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Top 10 Worst Lifetime Original Movies

VO: Rebecca Brayton WRITTEN BY: Nathan Sharp
Does anyone actually enjoy these movies? For this list, we’ll be looking at ten of the absolute worst movies to have aired on Lifetime, a channel known for their particularly atrocious original movies. We’ve included films like “The Pregnancy Pact” (2010), “Liz & Dick” (2012), “More of Me” (2007), “Fatal Lessons: The Good Teacher” (2004),“Honeymoon with Mom” (2006), “She’s Too Young” (2004) and “Cyber Seduction: His Secret Life” (2005)!
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Top 10 Worst Lifetime Original Movies

They . . . didn't quite work out. Welcome to MsMojo, and today we’re counting down our picks for the top ten worst Lifetime original movies.
For this list, we’ll be looking at ten of the absolute worst movies to have aired on the Lifetime TV network.

#10: “The Pregnancy Pact” (2010)

This movie was inspired by the real story of a reporter who traveled to a small town in Massachusetts to investigate a bizarre string of teenage pregnancies. Its message about the dangers, consequences, and hardships of teenage pregnancy is commendable, but the movie squanders any of its thematic potential on shallowness. The acting is mediocre, and the actors portray what should have been complex characters as clueless and unlikeable leads. It also could have explored various complex avenues and motivations regarding teen pregnancy, but instead veers into finger-wagging territory. Not bad, but certainly not what could have been.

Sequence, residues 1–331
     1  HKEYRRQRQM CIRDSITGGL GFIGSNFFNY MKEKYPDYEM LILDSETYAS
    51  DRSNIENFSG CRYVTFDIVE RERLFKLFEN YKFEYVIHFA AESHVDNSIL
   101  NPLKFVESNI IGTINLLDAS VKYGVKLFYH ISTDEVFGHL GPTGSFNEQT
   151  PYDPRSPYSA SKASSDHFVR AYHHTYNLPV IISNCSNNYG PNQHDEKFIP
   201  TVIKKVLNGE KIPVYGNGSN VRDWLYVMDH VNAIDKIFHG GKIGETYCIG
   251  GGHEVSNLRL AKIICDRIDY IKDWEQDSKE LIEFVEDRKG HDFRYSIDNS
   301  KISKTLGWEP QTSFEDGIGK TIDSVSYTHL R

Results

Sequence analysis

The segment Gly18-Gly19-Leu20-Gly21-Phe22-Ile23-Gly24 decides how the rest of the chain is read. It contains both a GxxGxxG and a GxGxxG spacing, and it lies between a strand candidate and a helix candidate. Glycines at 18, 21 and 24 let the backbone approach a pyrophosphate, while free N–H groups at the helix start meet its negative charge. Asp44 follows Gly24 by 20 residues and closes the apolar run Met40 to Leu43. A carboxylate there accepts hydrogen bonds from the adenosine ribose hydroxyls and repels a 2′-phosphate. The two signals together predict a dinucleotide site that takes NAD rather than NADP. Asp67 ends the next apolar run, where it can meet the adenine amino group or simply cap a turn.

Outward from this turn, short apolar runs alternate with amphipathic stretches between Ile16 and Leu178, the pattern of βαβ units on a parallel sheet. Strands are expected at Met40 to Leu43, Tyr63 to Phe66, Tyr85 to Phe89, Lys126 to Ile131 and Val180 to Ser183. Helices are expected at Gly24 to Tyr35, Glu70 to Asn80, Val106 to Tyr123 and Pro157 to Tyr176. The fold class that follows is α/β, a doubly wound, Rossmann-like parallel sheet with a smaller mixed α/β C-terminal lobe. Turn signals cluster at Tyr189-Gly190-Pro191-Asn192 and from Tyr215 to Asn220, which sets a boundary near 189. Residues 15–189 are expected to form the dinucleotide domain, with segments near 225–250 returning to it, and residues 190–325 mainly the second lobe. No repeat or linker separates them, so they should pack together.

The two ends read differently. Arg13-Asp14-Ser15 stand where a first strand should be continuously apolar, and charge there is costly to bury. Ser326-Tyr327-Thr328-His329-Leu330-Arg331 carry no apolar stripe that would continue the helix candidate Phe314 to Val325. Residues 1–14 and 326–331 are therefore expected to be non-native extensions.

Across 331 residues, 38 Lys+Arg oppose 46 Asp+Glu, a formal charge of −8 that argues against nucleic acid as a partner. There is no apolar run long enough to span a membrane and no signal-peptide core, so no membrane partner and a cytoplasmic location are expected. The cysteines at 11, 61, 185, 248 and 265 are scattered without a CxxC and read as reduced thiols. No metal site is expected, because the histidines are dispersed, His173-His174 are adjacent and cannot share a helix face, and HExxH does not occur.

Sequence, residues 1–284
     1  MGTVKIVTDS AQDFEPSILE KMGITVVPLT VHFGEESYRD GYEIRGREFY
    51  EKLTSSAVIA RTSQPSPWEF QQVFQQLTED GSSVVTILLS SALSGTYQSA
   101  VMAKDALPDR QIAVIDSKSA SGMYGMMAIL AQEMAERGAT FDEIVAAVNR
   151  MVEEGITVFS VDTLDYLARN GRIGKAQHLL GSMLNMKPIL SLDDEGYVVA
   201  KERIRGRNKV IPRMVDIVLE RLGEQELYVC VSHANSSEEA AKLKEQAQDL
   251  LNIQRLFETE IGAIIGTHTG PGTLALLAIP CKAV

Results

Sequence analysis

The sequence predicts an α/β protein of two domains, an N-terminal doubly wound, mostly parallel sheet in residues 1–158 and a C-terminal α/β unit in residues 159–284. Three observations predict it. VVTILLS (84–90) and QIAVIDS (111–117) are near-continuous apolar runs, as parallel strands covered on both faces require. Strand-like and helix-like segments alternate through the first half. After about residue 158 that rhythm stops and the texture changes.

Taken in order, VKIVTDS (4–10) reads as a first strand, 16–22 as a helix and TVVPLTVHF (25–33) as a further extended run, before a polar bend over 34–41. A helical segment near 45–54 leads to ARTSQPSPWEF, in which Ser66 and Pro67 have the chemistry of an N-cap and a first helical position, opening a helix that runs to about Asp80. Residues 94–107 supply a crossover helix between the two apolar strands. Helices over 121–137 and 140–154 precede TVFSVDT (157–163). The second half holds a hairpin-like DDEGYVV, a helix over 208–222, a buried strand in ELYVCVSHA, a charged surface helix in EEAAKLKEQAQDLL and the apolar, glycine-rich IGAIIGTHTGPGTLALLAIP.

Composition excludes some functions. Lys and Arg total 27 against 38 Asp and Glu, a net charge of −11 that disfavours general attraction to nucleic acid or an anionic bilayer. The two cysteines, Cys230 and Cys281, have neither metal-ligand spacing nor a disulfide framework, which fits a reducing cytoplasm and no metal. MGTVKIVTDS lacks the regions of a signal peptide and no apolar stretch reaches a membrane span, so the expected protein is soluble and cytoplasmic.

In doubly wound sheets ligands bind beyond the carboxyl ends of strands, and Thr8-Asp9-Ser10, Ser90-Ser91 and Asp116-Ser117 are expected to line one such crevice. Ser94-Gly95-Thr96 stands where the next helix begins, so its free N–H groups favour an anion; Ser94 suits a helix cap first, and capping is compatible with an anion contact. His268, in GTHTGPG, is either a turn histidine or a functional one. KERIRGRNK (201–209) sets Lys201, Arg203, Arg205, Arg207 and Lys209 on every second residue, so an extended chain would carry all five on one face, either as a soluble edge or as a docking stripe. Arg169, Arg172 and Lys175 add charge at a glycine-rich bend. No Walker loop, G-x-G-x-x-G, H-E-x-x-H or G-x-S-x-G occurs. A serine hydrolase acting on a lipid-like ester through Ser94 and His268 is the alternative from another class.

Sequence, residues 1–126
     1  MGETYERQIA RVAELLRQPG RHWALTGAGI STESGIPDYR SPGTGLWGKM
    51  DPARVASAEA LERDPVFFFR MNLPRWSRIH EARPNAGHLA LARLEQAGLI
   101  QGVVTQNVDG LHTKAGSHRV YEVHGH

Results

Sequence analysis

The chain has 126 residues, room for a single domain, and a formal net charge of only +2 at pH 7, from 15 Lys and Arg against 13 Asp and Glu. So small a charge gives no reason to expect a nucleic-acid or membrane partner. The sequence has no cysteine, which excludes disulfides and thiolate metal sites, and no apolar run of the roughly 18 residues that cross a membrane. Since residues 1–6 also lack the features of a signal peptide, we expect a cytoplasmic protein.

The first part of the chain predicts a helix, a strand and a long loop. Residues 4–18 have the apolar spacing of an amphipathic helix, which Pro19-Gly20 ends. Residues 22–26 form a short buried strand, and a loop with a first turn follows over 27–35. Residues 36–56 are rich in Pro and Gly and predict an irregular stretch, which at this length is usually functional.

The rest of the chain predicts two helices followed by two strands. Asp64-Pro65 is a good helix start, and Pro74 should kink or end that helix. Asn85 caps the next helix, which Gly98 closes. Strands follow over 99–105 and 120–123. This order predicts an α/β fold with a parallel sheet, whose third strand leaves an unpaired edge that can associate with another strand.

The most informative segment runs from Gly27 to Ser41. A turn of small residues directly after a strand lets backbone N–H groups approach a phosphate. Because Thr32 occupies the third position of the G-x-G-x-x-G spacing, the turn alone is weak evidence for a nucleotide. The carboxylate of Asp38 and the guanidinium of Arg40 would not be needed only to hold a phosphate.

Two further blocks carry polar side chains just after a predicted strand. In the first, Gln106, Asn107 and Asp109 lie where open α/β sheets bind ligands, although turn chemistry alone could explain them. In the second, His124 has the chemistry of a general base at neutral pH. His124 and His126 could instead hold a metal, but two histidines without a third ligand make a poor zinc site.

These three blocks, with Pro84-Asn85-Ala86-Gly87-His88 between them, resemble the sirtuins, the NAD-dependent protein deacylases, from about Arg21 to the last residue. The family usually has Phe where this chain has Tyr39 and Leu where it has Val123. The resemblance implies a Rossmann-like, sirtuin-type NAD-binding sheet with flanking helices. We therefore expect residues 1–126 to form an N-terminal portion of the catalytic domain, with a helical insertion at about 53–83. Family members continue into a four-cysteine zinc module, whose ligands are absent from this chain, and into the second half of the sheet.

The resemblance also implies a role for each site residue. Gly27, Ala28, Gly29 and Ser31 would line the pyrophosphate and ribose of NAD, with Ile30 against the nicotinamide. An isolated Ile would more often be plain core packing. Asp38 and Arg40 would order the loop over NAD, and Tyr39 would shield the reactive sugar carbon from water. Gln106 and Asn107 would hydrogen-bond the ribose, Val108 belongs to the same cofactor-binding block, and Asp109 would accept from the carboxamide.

#9: “Liz & Dick” (2012)

This was supposed to be Lindsay Lohan’s big award-worthy comeback after battling addiction, prison, and various rehab stints throughout the 2000s. It’s fair to say that it didn’t work. The movie covers the tumultuous, headline-grabbing relationship between Liz Taylor and Richard Burton, but Lohan and Grant Bowler have such poor chemistry that they don’t capture the actors’ passion and charisma. Lohan was singled out by critics for being especially unimpressive in her portrayal of such a larger-than-life figure. Again, a missed opportunity.

#8: “More of Me” (2007)